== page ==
All SHARE Resettlement Ambassadors attend an online training programme delivered in three 1.5-hour modules - 'Resettlement, governance and consultative structures - local, national and European contexts', 'Communication and presentation skills' and 'Developing advocacy materials and strategies'. The training programme was developed specifically for SHARE Ambassadors by Dr Linda Tip at the University of Sussex in the UK.
Below, we hear from Dr Tip on her work at Sussex, how this informed the development of the Ambassador training materials and her experiences of delivering the programme...
'I was really pleased to be asked by ICMC to develop and deliver the online training programme for prevously resettled refugees participating in the SHARE Resettlement Ambassador Programme.
I work as a Research Fellow at the University of Sussex in the UK, on a project that looks into the wellbeing of resettled refugees in the UK. Our project follows 280 resettled refugees over 3 years, and to be able to collect data from so many people we work with a team of 10 research assistants who all arrived in the UK as resettled refugees. At the start of the project, we provided a week-long research training for the team. This training was designed to add to their research skills, but we also gained a vast amount of knowledge from them: the best ways to locate and approach groups of resettled refugees in the UK, the type of obstacles that we could expect during data collection, information about their own experiences regarding what can benefit/damage wellbeing of resettled refugees, and much more. I was delighted to be able to bring the tremendous benefits of involving previously resettled refugees in work related to resettlement to the SHARE Resettlement Ambassador Programme.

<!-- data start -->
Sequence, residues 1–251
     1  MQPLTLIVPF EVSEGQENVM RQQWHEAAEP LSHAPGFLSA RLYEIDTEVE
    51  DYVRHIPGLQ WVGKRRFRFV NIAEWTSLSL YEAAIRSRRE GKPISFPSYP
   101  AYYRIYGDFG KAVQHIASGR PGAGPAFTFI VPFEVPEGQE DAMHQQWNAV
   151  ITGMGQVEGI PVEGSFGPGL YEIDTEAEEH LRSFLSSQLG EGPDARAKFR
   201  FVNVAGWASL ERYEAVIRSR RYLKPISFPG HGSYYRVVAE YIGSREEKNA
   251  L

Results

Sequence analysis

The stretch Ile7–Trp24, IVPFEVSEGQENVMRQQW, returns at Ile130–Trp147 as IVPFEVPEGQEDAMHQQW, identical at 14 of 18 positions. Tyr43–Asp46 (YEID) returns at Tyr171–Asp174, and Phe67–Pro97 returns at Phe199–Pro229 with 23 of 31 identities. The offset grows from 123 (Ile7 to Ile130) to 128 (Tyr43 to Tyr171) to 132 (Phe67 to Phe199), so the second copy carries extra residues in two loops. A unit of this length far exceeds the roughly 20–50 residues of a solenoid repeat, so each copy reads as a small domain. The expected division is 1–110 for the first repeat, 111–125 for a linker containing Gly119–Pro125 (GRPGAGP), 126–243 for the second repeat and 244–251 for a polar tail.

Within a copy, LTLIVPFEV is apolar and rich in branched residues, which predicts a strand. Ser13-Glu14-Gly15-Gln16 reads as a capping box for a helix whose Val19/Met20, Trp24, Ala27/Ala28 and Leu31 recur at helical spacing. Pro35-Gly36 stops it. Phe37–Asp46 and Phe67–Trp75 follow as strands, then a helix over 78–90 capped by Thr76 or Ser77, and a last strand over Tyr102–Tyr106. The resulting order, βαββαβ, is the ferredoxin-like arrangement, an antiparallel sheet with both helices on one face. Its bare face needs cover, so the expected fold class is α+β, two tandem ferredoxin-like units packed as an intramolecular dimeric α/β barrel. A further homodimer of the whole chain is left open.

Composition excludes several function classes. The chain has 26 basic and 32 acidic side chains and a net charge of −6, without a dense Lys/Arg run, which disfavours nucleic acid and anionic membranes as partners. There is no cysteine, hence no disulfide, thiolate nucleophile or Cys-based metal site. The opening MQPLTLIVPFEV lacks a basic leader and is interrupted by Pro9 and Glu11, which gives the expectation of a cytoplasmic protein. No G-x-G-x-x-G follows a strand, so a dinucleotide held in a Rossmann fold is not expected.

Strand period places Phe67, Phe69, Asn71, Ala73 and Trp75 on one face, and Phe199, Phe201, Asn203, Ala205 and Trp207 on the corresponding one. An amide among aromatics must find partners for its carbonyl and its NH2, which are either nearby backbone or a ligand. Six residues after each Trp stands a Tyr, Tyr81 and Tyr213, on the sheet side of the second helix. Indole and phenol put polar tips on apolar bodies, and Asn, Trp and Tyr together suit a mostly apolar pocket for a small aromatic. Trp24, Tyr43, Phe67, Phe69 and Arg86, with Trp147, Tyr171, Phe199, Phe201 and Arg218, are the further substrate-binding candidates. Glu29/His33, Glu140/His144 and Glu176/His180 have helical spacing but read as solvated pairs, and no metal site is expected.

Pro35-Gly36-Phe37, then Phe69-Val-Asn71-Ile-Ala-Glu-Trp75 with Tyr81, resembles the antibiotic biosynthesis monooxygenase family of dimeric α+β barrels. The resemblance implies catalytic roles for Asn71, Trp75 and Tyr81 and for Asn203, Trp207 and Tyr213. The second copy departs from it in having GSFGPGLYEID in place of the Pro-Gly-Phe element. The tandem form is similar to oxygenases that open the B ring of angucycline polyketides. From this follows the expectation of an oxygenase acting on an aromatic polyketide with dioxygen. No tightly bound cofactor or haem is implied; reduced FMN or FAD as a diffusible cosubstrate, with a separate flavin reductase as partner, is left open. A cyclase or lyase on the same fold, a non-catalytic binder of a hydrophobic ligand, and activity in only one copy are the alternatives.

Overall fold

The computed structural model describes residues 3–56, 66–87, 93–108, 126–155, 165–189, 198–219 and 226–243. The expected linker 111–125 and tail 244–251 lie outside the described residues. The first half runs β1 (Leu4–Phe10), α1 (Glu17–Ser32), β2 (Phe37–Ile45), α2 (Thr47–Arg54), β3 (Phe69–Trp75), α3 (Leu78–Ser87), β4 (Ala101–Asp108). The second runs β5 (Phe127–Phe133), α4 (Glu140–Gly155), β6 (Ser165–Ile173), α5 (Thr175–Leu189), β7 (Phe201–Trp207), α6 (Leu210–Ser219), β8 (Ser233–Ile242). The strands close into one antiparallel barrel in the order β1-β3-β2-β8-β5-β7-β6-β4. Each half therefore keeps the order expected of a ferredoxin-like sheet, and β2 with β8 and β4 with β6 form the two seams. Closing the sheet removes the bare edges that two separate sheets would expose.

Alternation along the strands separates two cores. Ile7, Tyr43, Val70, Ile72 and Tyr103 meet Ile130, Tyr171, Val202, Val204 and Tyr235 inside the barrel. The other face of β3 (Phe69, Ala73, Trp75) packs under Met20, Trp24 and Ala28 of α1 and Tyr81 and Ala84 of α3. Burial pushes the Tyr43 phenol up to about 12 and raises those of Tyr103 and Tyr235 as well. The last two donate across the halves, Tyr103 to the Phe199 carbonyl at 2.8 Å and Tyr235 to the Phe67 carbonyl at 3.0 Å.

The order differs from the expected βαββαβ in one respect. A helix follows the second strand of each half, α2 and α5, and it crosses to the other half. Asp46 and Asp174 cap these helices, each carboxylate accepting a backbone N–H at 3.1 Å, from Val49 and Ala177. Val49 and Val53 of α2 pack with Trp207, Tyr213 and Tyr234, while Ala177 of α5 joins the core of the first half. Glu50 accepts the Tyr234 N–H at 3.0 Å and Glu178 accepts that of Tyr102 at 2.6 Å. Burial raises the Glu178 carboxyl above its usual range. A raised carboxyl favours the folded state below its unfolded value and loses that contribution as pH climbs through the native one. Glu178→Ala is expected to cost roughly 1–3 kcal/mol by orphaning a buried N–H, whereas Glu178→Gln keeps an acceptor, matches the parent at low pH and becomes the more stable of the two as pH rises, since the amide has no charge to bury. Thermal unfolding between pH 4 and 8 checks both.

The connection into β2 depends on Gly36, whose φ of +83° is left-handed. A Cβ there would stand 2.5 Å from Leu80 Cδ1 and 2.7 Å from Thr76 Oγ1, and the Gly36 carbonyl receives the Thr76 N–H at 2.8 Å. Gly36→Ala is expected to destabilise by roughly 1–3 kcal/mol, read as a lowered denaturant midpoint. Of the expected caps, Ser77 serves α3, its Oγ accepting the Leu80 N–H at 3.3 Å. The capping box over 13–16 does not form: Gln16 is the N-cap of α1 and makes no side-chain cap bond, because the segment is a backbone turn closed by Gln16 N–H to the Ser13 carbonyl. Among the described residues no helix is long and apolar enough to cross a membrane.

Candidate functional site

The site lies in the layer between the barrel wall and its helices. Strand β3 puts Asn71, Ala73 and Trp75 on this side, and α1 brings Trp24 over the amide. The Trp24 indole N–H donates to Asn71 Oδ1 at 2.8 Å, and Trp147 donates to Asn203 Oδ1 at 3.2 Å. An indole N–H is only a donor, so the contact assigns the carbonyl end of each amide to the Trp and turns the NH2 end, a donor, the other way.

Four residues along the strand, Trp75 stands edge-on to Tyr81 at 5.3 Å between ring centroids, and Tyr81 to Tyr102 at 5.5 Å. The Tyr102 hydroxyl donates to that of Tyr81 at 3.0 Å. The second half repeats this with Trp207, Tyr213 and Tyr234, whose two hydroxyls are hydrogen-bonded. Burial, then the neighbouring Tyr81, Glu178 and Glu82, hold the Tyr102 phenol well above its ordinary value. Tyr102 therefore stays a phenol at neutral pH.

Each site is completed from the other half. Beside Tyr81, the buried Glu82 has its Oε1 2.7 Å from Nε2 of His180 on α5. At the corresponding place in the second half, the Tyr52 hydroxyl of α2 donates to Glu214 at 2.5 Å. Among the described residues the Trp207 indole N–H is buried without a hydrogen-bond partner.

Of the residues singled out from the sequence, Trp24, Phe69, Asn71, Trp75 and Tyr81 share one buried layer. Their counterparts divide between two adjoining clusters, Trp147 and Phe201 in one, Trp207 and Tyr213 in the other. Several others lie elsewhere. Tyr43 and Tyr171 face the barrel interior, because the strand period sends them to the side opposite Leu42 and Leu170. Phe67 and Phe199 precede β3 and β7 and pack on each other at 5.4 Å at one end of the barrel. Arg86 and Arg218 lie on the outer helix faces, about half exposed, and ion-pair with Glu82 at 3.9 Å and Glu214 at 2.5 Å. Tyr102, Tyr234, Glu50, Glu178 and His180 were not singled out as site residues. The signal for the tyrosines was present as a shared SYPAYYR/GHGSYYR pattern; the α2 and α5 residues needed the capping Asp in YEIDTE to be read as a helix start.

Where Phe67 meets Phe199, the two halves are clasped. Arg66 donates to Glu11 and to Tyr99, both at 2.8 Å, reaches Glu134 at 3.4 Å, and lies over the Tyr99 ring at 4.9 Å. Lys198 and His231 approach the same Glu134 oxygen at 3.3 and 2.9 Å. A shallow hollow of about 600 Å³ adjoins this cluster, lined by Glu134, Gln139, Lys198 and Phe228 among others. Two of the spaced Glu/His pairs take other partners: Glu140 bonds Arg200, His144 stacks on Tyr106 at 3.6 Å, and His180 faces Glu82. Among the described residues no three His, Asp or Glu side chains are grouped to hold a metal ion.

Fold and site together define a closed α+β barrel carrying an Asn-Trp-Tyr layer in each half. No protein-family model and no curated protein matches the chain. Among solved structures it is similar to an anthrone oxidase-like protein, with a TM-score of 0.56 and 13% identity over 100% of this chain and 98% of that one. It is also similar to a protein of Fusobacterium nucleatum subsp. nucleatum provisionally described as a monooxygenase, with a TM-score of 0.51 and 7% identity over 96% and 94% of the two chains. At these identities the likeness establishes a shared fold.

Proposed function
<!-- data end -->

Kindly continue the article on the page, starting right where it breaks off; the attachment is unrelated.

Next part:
The group of Ambassadors that took part in the first training programme were from a large variety of countries and backgrounds, and has been resettled to several different European countries. Of course this created the challenge of making the online training – delivered in English – understandable, yet challenging and interesting, for everyone. The enthusiasm and engagement of the Ambassadors made the training very enjoyable and successful. By taking it slowly and encouraging the Ambassadors regularly to ask questions, give comments, and/or add information from their experiences, we could make sure that the training was useful and understandable to everyone. The programme also really benefited from the very helpful and interesting information that the Ambassadors could add from their own practical experiences. I look forward to hearing more about the training materials and programme we developed is implemented for future SHARE Resettlement Ambassadors, and about the activities and achievements of the Ambassadors in their work around Europe.
For more information on the University of Sussex research project ‘Optimising refugee resettlement in the UK: a comparative analysis’ please go to http://www.sussex.ac.uk/migration/research/current/refugeeresettlement.
Submitted by Dr Linda Tip, University of Sussex (February 2015)